PEOPLE OF MI V LARRY C ALLEN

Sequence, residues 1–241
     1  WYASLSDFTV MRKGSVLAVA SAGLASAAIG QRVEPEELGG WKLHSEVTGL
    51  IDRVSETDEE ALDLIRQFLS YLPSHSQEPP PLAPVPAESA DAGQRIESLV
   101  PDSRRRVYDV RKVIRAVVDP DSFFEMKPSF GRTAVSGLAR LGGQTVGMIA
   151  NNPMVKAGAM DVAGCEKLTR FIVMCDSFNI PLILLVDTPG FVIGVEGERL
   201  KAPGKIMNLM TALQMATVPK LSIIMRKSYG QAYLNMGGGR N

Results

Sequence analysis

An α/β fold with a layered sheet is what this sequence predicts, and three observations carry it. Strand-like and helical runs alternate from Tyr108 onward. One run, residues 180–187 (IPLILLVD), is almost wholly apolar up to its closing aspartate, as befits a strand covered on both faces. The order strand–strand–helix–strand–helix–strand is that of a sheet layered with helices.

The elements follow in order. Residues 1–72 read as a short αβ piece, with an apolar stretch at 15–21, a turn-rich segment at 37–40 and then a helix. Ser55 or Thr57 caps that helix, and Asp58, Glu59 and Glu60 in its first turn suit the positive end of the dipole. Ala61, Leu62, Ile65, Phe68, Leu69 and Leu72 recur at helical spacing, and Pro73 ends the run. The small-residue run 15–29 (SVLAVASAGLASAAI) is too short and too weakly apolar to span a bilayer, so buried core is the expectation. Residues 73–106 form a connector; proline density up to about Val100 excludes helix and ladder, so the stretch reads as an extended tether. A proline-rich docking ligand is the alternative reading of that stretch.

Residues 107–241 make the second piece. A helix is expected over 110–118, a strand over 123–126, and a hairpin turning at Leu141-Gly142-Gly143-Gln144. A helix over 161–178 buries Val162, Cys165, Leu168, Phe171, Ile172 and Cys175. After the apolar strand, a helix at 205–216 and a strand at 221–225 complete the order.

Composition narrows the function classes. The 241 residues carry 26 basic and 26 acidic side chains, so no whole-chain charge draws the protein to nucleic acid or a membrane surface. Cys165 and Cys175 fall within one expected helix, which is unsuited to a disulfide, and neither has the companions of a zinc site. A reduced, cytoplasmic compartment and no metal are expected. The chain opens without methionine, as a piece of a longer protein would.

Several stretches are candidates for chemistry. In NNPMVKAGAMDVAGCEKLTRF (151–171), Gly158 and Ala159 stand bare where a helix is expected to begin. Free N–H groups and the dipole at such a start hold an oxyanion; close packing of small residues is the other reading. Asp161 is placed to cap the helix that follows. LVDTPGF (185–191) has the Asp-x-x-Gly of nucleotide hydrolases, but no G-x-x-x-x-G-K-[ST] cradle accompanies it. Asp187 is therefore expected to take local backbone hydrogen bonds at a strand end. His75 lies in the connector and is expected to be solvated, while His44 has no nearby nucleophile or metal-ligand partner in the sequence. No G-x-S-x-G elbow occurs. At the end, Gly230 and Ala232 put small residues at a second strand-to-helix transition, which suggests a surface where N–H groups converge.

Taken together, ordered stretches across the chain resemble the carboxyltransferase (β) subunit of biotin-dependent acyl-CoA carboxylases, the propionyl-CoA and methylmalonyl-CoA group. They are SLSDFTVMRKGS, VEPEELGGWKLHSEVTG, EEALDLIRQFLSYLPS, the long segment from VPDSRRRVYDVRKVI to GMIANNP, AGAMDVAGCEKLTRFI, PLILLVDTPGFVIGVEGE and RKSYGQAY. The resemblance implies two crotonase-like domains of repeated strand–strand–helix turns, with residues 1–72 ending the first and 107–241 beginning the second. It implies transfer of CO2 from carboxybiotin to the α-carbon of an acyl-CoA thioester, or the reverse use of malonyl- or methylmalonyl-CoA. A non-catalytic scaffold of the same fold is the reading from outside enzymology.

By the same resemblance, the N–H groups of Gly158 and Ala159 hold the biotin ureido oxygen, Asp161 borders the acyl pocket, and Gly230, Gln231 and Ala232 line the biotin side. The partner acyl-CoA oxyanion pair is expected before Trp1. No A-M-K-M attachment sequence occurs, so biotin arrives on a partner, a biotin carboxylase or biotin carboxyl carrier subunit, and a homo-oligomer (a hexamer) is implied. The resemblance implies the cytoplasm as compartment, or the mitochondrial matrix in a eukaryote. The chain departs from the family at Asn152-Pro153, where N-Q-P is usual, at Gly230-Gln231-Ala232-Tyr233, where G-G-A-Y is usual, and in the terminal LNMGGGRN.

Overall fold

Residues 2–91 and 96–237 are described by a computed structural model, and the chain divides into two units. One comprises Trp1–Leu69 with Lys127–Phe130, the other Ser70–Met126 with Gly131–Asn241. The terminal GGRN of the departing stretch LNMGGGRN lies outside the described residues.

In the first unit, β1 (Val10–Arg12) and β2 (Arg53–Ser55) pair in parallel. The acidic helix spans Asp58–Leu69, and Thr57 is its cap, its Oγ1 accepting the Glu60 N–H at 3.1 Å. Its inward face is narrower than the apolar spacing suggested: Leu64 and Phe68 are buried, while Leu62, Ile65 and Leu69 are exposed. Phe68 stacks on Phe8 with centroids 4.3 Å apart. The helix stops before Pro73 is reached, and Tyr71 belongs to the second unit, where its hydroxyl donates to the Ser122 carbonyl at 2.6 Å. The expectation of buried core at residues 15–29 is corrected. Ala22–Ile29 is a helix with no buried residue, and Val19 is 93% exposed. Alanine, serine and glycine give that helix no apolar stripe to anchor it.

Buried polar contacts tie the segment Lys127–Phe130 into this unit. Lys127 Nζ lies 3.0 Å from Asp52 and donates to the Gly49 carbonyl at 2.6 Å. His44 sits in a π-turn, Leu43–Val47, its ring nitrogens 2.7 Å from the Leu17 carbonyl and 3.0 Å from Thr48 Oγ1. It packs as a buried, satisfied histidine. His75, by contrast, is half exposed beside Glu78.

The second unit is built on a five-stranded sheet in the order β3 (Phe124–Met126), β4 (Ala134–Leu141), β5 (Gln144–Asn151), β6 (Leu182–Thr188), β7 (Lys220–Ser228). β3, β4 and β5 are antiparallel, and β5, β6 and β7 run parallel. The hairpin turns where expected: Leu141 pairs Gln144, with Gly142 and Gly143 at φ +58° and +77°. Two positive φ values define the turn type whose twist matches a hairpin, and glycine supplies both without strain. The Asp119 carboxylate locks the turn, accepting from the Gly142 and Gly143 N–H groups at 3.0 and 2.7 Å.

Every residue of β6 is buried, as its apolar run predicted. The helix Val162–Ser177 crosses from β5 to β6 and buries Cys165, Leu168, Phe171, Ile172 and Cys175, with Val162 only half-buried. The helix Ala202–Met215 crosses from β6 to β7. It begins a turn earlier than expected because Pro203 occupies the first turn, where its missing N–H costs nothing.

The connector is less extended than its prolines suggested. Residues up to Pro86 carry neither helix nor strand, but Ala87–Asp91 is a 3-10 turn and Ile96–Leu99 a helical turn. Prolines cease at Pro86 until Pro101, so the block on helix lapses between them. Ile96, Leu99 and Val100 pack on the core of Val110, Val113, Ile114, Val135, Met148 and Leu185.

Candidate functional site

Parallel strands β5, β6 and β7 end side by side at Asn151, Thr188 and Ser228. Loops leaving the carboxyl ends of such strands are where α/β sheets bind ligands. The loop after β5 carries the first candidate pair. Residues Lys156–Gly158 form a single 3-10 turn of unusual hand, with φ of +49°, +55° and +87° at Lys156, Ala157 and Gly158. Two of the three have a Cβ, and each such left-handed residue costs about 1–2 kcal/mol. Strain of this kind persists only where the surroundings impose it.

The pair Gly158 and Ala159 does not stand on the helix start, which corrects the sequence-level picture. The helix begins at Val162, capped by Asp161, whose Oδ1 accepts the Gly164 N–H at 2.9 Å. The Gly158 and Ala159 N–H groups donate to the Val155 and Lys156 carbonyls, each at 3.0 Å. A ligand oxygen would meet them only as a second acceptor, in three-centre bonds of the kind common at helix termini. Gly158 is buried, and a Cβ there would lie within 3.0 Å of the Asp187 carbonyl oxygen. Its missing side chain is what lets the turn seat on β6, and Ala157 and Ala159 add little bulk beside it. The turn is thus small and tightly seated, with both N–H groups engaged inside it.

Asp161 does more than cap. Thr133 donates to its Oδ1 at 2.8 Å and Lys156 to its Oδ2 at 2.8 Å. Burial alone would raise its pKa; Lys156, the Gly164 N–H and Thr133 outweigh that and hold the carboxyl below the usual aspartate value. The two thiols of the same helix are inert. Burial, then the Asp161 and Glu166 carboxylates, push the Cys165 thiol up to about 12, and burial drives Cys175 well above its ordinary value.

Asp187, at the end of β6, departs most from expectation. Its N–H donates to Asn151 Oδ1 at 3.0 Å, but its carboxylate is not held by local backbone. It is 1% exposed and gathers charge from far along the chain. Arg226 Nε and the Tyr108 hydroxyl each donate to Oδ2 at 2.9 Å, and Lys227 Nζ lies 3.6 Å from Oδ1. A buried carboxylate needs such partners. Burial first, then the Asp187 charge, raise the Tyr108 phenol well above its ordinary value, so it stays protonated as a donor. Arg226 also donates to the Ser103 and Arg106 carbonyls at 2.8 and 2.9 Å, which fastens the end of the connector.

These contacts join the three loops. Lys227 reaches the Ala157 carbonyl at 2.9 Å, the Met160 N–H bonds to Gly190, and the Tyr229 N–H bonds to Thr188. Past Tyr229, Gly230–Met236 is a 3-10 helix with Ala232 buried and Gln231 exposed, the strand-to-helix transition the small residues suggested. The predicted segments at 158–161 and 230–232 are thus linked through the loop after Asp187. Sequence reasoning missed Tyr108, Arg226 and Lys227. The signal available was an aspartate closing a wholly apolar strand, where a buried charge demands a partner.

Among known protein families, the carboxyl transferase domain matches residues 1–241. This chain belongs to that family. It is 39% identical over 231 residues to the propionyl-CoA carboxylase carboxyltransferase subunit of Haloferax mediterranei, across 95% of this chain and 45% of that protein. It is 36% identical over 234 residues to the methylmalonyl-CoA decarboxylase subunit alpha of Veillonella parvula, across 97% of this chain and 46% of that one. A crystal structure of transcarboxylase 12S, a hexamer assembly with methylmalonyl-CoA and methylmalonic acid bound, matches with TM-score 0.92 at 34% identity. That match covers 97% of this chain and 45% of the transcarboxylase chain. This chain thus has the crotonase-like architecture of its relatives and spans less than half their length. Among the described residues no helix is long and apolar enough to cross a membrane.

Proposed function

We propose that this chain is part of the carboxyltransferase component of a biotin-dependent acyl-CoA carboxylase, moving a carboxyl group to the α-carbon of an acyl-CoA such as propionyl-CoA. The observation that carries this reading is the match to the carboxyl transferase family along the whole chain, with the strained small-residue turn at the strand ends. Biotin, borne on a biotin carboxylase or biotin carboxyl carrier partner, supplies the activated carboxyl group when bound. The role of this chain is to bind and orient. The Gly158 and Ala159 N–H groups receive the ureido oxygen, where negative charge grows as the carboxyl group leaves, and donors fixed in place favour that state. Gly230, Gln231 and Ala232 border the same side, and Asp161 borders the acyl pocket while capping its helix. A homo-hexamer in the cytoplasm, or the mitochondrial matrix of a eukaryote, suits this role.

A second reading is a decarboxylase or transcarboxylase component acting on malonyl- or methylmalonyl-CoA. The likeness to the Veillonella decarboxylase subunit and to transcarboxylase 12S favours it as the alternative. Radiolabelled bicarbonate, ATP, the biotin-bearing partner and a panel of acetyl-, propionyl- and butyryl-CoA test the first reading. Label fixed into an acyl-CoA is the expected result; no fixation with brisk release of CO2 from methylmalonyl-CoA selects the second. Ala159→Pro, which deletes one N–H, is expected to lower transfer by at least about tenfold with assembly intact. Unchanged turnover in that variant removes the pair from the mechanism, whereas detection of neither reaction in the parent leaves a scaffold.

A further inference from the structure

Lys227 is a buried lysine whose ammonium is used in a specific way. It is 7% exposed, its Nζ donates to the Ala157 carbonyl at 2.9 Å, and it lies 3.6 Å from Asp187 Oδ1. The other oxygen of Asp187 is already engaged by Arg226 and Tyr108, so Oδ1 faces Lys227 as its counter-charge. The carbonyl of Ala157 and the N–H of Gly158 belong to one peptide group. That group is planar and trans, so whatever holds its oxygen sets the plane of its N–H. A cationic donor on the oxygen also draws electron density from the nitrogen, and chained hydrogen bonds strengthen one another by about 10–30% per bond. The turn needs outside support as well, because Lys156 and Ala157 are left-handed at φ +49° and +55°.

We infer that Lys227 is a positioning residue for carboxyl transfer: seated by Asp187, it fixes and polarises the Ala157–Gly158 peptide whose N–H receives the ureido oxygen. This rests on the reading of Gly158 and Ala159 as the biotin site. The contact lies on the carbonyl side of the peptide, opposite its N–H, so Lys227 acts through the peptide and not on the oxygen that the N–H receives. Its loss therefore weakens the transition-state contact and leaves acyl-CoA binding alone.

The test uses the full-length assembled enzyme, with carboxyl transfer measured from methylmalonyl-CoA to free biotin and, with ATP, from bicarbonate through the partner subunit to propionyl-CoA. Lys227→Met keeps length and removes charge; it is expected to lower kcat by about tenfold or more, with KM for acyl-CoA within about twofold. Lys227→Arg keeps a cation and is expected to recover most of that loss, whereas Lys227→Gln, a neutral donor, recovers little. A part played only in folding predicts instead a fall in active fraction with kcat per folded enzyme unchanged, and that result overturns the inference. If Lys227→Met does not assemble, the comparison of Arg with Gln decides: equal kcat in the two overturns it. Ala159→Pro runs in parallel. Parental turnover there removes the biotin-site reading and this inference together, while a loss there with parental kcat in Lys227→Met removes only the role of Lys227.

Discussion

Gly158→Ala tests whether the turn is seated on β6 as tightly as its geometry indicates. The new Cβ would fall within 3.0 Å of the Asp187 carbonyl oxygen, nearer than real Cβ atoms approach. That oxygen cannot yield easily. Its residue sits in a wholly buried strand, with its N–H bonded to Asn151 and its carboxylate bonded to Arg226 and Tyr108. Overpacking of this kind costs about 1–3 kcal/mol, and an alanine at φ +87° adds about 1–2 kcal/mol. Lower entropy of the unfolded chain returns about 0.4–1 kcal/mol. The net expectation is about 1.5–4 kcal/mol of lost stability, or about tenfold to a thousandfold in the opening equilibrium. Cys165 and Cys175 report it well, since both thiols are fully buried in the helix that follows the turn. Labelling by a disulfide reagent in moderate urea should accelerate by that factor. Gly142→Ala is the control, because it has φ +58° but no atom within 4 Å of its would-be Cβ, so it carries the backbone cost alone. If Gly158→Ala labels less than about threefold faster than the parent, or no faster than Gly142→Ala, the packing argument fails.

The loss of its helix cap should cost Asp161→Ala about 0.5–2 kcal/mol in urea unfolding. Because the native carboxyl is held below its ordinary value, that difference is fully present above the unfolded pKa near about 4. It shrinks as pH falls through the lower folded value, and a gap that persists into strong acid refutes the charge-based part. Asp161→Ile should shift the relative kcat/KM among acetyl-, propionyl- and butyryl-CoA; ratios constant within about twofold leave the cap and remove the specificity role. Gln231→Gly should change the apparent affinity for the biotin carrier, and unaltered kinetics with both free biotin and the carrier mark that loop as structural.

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STATE OF MICHIGAN COURT OF APPEALS PEOPLE OF THE STATE OF MICHIGAN, UNPUBLISHED October 30, 1998 Plaintiff-Appellee, v No. 198856 Recorder’s Court LC No. 96-002688 LARRY C. ALLEN, Defendant-Appellant. Before: Markey, P.J., and Sawyer and Whitbeck, JJ. PER CURIAM. Defendant appeals as of right from his bench trial conviction for possession of less than twenty­ five grams of cocaine, MCL 333.7403(2)(a)(v); MSA 14.15(7403)(2)(a)(v). Defendant was sentenced to four to eight years’ imprisonment as a third habitual offender, MCL 769.11; MSA 28.1083. We affirm. Defendant first argues that he was denied effective assistance of counsel at trial. We disagree. Because defendant failed to move for a new trial or evidentiary hearing in the trial court, our review is limited to errors by counsel evident in the existing trial record. People v Marji, 180 Mich App 525, 533; 447 NW2d 835 (1989). To establish a denial of effective assistance of counsel, a defendant must demonstrate that counsel’s performance was objectively deficient and that the deficiency was prejudicial to the defendant. People v Daniel, 207 Mich App 47, 58; 523 NW2d 830 (1994). Furthermore, the defendant must overcome the presumption that the challenged action was sound trial strategy. Daniel, supra, 207 Mich App 58. Defendant argues that he had a property interest in the house where the items were seized. He claims that counsel’s failure to move to suppress the evidence was prejudicial to his case. While it is true that defense counsel did not make a motion to suppress the evidence, the evidence presented at trial dealt primarily with whether the house was inhabited and whether defendant, in fact, had any reasonable expectation of privacy. Defense counsel used the fact that defendant may have leased the premises as impeachment evidence against the prosecution’s witnesses. Throughout defense counsel’s -1­ questioning of both witnesses, he attempted to discredit their testimony that the house was not lived in as well as their testimony concerning the events of the night in question. Defendant has failed to overcome the presumption that the challenged conduct was sound trial strategy. Daniel, supra, 207 Mich App 58. In addition, defendant has not demonstrated that, but for his counsel’s “errors,” there was a reasonable probability that the result of his trial would have been different or that the proceedings were fundamentally unfair or unreliable. People v Poole, 218 Mich App 702, 718; 555 NW2d 485 (1996). The trial court concluded that a lease purporting to grant defendant interest in the house held little or no evidentiary value for defendant’s case where the alleged lessor did not have record title to the premises. It is not counsel’s fault that defendant’s purported lease was not introduced into evidence where defendant was unable to reveal any information about the lessor or where the lessor could possibly be found. Thus, defendant’s argument that he had an interest in the house held no value with the court. Instead, the court considered the testimony of two police officers and concluded that defendant was guilty. There is no evidence that the court’s verdict would have been different but for counsel’s actions. Id. Defendant also claims that counsel was not adequately prepared for trial, evidenced by counsel’s failure to properly cross-examine the prosecution’s witnesses, failure to set forth a defense by calling witnesses for defendant, and failure to introduce the lease into evidence. Where a defendant claims ineffective assistance of counsel due to counsel’s failure to adequately prepare for trial, a defendant must show prejudice resulting from lack of preparation. People v Caballero, 184 Mich App 636, 640; 459 NW2d 80 (1990). Where a defendant claims that counsel was ineffective for failure to call witnesses or present other evidence, a defendant must show that the attorney’s conduct deprived him of a substantial defense. People v Julian, 171 Mich App 153, 159; 429 NW2d 615 (1988). This Court is not convinced that counsel was not properly prepared for trial to the extent that his conduct prejudiced defendant or deprived him of a substantial defense. Defense counsel was able to challenge the testimony of the prosecution’s witnesses on cross-examination. He also attempted to support defendant’s testimony through use of the lease. As discussed above, defendant has failed to show that the results of trial would have been different under the circumstances. Defendant next argues that the trial court pierced the veil of judicial impartiality by conducting its own investigation as to the record owner of the property, thereby denying defendant his constitutional right to a fair and impartial trial. We disagree. Because defendant did not object to the trial court’s action during trial, this Court will review the matter only if manifest injustice would result from failure to consider the issue. People v Paquette, 214 Mich App 336, 340; 543 NW2d 342 (1995) A defendant in a criminal trial should be able to expect that a “neutral and detached magistrate” will preside over his case. People v Cheeks, 216 Mich App 470, 480; 549 NW2d 584 (1996). However, when it comes to trial conduct and process, the trial court is granted wide, yet limited, discretion. Paquette, supra, 214 Mich App 340; MRE 611(a). For example, while a trial court may question witnesses in order to determine an issue relevant to trial, the court must take care to not invade the role of the prosecutor. People v Conyers, 194 Mich App 395, 404; 487 NW2d 787 (1992); People v Ross, 181 Mich App 89, 91; 449 NW2d 107 (1989). When determining whether the court -2­ acted with bias against a defendant, the record should be read as a whole and not merely in portions. Paquette, supra, 214 Mich App 340. In a jury trial, the court pierces the veil of impartiality ”where its conduct or comments unduly influence the jury and thereby deprive the defendant of a fair and impartial trial.” Id. By analogy, the court in a bench trial pierces the veil where its conduct indicates bias or partiality toward a party, thereby denying the defendant a fair and impartial trial. The court in this case was merely trying to control the conduct of trial. Paquette, supra, 214 Mich App 336. The court’s actions did not indicate that it was partial to either party. Rather, the court’s telephone call to the Register of Deeds was its way of expediting the proceedings. The case had already been adjourned once in order to allow defense counsel to bring forth evidence regarding the lease. When the parties returned to court two weeks later, defense counsel presented a copy of the alleged lease, but he and his client were unable to locate the lessor to verify its authenticity. At this time, defense counsel requested that the court appoint a private investigator to determine who was the record holder of the property. Defendant made no objection when the court indicated that it would find out on its own. The court exercised reasonable control of the proceedings in avoiding the “needless consumption of time” for the “ascertainment of the truth.” MRE 611(a). There is absolutely no evidence that the court’s actions were the result of a bias toward defendant, nor does defendant challenge the accuracy of the information. Defendant received a fair and impartial trial. People v Cole, 349 Mich 175, 187; 84 NW2d 711 (1957); Cheeks, supra, 216 Mich App 480-481. Affirmed. /s/ Jane E. Markey /s/ David H. Sawyer /s/ William C. Whitbeck -3­